Last Updated: February 14, 2021
If all food were a high school, pizza would probably be the popular kid. There’s little to deny the appeal of hot stringy cheese and splashes of tomato sauce atop a lovingly browned crust. I know it, and so does five-month-old Craft Pizza.
Amidst my search for the eatery, I turn the corner onto Boat Quay and all its waterside glory. I indulge in a slow saunter along the river, peering into bars bustling with the chatter of office folk after hours, heartily empowered by foamy beer mugs. It’s a heartening sight for a country so recently graduated from dine-in limits of five, and now to eight. Food is, after all, a rightfully communal affair.
But I digress. Stopping me in my tracks is a nondescript flight of stairs which points me towards Craft Pizza’s entrance above. Their furnishings are endearingly simple, where walls come bathed in a parmesan yellow, juxtaposed against mahogany tones of its furniture. All that is squeezed into snug quarters no larger than a secondary school classroom, though small talk and food are definitely encouraged here.
Fairy lights hang overhead as I cosy up into my chair. There’s something decidedly homey about the atmosphere that makes anyone and everyone feel welcome. If that isn’t enough, a polite greeting from the Prosciutto Bruschetta (S$15) should do the trick.
Delicate assemblies of parma ham, arugula, and bufala cheese rest atop superbly crunchy focaccia bread. All starters need to be as violently flavourful as this one, or at the very least, half as well thought out. There’s also cleverly secluded cloves of garlic in there which brings this starter from hero to infinite possibilities of deliciousness.
A playful venture into the pasta selections leaves me with the Pesto Alla Genovese (S$24). My choice isn’t entirely on a whim though. I do relish in seeing my name on restaurant menus—a luxury obviously afforded to the very few and privileged. *flips hair*.
I must say, this plate catches me a little off guard. It begins with casarecce, a pasta variant admittedly unknown to me prior to this meal. Gorgeously coated strands come beaming with flavour, bringing out the very best of the herb’s heady fragrance.
The folks behind Craft Pizza don’t skimp on ingredients either, because generous sprinklings of pine nuts breathe a much-applauded aroma to the sauce. It’s entirely reflective of the kitchen’s ethos, where honest, thoughtfully prepared food comes first over running up the grocery bill. Among all the dishes that night, this bowl gets mopped up the quickest. I desperately wish for all usage of basil to present like this. It really does do justice to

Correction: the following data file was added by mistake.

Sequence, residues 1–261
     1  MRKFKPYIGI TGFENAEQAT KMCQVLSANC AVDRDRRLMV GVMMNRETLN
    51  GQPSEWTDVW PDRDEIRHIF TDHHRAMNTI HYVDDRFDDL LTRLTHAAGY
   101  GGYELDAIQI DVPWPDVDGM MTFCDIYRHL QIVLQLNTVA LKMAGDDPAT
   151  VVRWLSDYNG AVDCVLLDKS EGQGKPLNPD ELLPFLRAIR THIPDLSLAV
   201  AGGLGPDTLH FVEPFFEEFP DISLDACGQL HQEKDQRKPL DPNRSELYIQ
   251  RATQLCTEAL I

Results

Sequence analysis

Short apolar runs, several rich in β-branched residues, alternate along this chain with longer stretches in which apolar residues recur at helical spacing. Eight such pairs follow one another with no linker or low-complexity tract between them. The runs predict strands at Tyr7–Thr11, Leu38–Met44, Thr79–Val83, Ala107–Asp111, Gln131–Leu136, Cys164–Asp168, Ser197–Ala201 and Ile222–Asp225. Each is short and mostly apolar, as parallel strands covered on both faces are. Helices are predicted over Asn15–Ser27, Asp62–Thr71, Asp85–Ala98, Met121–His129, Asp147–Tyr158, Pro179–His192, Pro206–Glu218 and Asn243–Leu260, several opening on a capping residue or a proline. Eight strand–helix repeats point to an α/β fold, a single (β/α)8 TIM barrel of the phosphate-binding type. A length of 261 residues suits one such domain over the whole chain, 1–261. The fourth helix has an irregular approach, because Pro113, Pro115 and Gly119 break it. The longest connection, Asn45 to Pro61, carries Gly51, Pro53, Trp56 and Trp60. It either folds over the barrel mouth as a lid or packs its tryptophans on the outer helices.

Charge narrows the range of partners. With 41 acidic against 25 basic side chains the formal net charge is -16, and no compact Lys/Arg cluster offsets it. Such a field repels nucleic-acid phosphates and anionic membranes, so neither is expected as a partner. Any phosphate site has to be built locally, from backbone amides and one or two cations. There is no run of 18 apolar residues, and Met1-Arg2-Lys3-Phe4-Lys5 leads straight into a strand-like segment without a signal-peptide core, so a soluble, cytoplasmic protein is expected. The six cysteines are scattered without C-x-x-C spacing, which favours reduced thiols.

my the name.
At this juncture, I’m left a little starstruck by the opening plates. But collect myself I shall, for the deserved main event of the evening still lies in the pies. This is, after all, a pizza parlour. In the spirit of all things educational, we go back to the basics with the Craft Red (S$17).
I tear away at its blistered and blackened crusts, dissecting this pie with a focus that demands prompt rewarding. Bright acidic tomatoes and creamy mozzarella arrive hand-in-hand in an aggressively seasoned duo that checks sharp, tangy, and savoury all at once. It’s only further ameliorated by a semi-thick crust that exudes a profound fragrance and chew. It’s textbook outstanding, and I reckon that Craft Pizza can easily sway the populace with this.
As with all things good, I spring for a repeat indulgence, this time with a white San Salsiccia (S$25). Tomatoes aren’t invited to this party, but that doesn’t make it any less lively. Dollops of ricotta cheese sprout alongside sweet Italian sausage and twirls of caramelised onion. There’s a tussle of sweet and savoury here that proves a refreshing change from the pizza before. You’ll be more than satisfied with this well-balanced, dependable pie that pleases the fussiest of eaters.
Elsewhere, there’s the Bronx Bomber (S$28) protesting with a trifecta of pepperoni, Italian sausage, and meatballs, draped in melty blankets of mozzarella. The outer layer bursts open at the slightest tug of a fork, splitting open a mecca of flavour that puts this in the calzone hall of fame. Devouring this one isn’t the least bit difficult, even on a stomach packed to the brim.
A glass of Hazelnut Trifle (S$14) signals the end of our evening. Dessert isn’t a practical choice here, given how stuffed I already am. But hey, the heart wants what it wants. Our serving arrives with the Nutella financier a little lopsided in its disposition, but that doesn’t stop us from attacking it spoon-in-hand. It works wonderfully as a sweet, nutty finish to a lovely dinner, but don’t expect to be blown out of the water. Though sometimes, ‘it works’ is all you really need.
The time spent at Craft Pizza extends a little further past the final plate. Hunched over excellent and thoughtfully prepared food, engaging in conversation and light banter does seem inevitable. I neatly place this spot into my list of bring-your-family-and-friends-down locations, eager to plan my next visit down. At its centre lies a pizzeria which serves up some of the best pies and pasta in town, making this riverside spot along Clarke Quay one imbued with simple joys and lasting memories.
Expected Damage: S$20 – S$30 per pax
Our Rating: 4 / 5
35A Boat Quay, Singapore 049824
35A Boat Quay, Singapore 049824